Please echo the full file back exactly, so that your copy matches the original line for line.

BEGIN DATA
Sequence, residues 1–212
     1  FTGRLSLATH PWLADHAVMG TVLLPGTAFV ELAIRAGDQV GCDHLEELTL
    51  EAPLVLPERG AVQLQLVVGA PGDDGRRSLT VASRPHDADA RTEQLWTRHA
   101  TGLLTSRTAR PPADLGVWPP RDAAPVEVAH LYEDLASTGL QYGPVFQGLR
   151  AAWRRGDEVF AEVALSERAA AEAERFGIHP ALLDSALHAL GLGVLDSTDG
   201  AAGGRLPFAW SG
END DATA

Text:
Sequence, residues 1–212
     1  FTGRLSLATH PWLADHAVMG TVLLPGTAFV ELAIRAGDQV GCDHLEELTL
    51  EAPLVLPERG AVQLQLVVGA PGDDGRRSLT VASRPHDADA RTEQLWTRHA
   101  TGLLTSRTAR PPADLGVWPP RDAAPVEVAH LYEDLASTGL QYGPVFQGLR
   151  AAWRRGDEVF AEVALSERAA AEAERFGIHP ALLDSALHAL GLGVLDSTDG
   201  AAGGRLPFAW SG